11. Doubtful. X and Y are determined before that. However, there is considerable ability for the womb to decide to accept or reject a zygote. That could well be influenced. One argument about Downs is that frequency of conception doesn’t change over life. Rather, acceptance of implantation does. Hell, if this is going to be the last one why not allow a potentially slightly flawed one?

  12. PF, of course you can and Mr C has done so. Provided the chance of any child being female is 50% (near enough) and there is nothing except randomness influencing that, then the chances of any 12 randomly selected childreen being girls is 1 in 4096. We double our chances as either will do for the “remarkable coincidence. So 1 in 2048 such random selections of children will be all of the same sex.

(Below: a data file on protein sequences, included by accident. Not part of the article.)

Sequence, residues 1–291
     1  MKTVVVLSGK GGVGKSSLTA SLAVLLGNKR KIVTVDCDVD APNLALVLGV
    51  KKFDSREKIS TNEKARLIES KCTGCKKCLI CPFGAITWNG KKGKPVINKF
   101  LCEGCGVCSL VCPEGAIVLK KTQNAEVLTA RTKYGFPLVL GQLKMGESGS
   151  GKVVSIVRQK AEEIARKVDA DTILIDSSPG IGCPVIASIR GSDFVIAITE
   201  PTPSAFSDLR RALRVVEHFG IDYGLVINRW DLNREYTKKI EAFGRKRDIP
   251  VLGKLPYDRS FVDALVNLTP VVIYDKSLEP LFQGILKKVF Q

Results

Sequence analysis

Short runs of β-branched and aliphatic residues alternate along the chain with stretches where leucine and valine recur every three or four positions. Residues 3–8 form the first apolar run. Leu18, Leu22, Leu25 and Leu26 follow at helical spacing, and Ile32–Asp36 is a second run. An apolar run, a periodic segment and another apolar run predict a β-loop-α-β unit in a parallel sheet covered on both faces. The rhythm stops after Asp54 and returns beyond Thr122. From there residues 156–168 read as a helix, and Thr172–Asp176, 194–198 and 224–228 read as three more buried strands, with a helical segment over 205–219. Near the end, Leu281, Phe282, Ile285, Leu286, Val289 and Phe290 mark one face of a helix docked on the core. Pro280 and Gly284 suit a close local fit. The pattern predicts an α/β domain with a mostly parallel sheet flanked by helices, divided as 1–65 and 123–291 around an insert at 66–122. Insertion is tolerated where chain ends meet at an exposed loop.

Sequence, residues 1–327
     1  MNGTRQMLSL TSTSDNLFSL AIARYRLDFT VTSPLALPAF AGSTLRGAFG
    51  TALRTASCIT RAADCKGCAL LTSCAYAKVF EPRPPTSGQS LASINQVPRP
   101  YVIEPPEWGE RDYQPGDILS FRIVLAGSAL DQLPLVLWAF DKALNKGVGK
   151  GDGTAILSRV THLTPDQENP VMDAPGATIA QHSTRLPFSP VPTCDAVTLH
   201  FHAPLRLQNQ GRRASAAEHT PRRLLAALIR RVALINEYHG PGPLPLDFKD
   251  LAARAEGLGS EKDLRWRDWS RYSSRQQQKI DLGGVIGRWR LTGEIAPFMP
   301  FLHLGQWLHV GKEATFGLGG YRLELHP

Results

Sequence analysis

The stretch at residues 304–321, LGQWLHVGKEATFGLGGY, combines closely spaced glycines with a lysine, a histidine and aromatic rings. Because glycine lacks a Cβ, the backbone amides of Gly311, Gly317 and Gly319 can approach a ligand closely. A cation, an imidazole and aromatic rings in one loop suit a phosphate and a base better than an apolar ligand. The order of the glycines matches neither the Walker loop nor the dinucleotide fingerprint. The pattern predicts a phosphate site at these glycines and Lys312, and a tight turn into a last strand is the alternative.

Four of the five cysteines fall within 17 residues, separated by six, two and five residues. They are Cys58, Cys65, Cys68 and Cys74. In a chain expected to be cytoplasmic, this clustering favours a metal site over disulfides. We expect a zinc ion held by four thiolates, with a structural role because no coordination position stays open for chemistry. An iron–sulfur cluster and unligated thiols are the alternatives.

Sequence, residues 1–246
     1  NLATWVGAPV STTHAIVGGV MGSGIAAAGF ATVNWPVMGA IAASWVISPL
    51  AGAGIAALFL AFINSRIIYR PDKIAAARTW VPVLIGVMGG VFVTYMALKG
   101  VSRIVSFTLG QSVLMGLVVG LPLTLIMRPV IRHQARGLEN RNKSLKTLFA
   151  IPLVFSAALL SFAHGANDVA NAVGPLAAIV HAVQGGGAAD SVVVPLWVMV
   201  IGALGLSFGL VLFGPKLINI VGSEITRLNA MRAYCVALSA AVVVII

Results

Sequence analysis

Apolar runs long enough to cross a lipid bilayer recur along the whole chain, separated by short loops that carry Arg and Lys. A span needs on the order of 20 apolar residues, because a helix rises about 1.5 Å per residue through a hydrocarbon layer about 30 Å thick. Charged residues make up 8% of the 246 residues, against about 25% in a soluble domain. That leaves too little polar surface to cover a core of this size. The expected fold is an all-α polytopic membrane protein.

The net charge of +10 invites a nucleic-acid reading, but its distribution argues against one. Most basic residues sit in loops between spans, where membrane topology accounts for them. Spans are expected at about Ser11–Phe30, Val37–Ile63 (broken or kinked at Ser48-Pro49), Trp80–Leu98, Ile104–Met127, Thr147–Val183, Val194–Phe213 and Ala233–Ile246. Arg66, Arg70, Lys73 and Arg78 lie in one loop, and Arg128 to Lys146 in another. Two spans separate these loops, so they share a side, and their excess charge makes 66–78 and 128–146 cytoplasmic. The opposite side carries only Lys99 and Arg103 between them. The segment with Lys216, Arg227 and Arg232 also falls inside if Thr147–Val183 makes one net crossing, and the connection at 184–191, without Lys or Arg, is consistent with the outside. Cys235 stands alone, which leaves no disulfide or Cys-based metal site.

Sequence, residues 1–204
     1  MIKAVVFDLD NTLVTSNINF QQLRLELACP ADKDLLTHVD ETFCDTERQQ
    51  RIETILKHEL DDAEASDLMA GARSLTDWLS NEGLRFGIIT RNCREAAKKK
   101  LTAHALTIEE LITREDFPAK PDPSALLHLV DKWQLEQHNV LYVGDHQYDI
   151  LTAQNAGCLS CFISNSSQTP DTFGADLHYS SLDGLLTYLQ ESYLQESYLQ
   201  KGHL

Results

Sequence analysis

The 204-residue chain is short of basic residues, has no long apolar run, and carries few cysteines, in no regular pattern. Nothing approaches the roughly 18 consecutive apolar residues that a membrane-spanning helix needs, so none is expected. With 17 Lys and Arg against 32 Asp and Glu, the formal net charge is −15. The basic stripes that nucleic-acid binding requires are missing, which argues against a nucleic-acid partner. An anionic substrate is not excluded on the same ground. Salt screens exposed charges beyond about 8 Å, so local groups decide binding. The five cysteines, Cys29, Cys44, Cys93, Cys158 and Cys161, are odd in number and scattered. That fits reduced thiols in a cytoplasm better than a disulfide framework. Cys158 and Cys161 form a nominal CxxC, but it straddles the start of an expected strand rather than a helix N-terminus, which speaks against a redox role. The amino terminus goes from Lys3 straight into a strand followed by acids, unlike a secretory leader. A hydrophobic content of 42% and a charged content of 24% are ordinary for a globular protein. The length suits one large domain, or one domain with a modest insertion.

If we saw this happen significantly more frequently (and the fact that every time is newsworthy suggests not) then we might conclude that some cause is skewing the births away from being truly random.

    Poland must have rather more than 2048 villages. As Terry Pratchett very accurately observed, one in a million chances crop up nine times out of ten. One of the two reasons* for that is that we notice them because they stand out, and they stand out because they are relatively unlikely so attract attention, but likely enough to happen quite a lot. There are lots of these things – look up double lottery winners for example.

    *: The other is that actually any particular scenario is itself extremely unlikely given all the potential alternatives, but reality has to happen sonehow.

  13. BiG

    Of course. I meant actual statistical studies using real (large scale) population data rather than casual observation. And on smaller sibling groups, and hence substantially more data.